Sewing sustainability . . . Kimberley Collins is launching the Timaru branch of the reusable bag scheme Boomerang Bags this weekend. PHOTO: SUPPLIED

by Greta Yeoman

A global initiative to create handmade reusable bags has arrived in Timaru.

The Boomerang Bags scheme, which started in Australia and has groups in the United States and across New Zealand as well, has been started in Timaru by Kimberley Collins.

The Timaru resident said she was looking forward to the group’s first sewing bee this Saturday after it was postponed due to bad weather last weekend.

The Timaru initiative joins similar schemes in Geraldine, Temuka, Christchurch, Wellington and Nelson, among others.

“I think a lot of people use plastic bags out of convenience, which is completely understandable.” – Kimberley Collins

So far, she was planning for the bags to be available at Amore Wholefoods, Selwyn St Produce and the Timaru Farmers Market, but expected the project to grow.

Miss Collins said it took her about 20 minutes per bag, but hoped a “production line” of volunteers at the sewing bee to sew the bags, attach the straps and put the “Boomerang Bags” patch on would cut the time.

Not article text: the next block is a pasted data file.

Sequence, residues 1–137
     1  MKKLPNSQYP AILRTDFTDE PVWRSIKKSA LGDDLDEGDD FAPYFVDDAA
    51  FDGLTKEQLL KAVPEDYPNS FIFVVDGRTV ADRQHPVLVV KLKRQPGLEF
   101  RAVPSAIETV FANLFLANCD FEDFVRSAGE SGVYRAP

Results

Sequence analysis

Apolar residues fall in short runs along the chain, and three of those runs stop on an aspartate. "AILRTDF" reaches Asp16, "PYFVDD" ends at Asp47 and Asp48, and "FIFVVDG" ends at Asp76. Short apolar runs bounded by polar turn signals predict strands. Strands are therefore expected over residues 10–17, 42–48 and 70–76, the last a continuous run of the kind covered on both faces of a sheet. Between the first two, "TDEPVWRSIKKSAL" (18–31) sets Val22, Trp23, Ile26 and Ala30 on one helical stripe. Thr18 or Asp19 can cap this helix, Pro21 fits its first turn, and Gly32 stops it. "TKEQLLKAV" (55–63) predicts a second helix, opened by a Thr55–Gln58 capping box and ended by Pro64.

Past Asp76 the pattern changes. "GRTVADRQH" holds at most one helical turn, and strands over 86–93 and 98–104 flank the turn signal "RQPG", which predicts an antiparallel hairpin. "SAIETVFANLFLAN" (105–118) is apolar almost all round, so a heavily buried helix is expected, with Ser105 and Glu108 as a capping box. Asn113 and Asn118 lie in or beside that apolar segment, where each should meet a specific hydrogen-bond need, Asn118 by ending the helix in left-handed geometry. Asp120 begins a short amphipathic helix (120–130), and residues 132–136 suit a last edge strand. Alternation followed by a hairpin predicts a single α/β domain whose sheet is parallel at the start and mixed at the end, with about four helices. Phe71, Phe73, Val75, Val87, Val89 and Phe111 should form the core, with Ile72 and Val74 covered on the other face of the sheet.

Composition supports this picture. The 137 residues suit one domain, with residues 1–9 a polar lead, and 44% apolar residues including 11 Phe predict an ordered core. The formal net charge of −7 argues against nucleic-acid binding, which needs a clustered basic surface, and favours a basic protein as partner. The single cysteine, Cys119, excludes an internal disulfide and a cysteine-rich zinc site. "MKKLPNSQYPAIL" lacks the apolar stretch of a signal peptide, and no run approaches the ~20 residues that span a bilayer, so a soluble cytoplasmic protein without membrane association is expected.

She said the group had received “lots” of donated fabric to use for the bags, but would always welcome more.

Miss Collins said the scheme would give Timaru the chance to be “leaders” in cutting down on plastic bag usage in New Zealand. About 1.2 billion plastic bags are used in New Zealand every year.

At the current rate of the world’s plastics consumption there would be more plastic than marine life in the ocean by 2050, she said.

While the Plastic-Free July scheme highlighted the public’s plastic usage for a month, Miss Collins believed that people could change their plastic habits with a bit of effort.

It also gave people the chance to begin a conversation concerning plastic use, she said.

“I think a lot of people use plastic bags out of convenience, which is completely understandable.”

With an average time of 21 days to make or break a habit, it was a good chance to begin trying to remember to take a reusable bag to the supermarket.

“It’s a small step .. it’s better than doing nothing at all.”

Miss Collins also highlighted that people had only been using plastic bags for the past 40 years or so.

“We used to be able to do it.”

For more information on Boomerang Bags Timaru or its sewing bees, or to obtain the bag patterns if you would rather create bags outside a group setting, search “Boomerang Bags Timaru” on Facebook.latest jordan SneakersMen’s shoes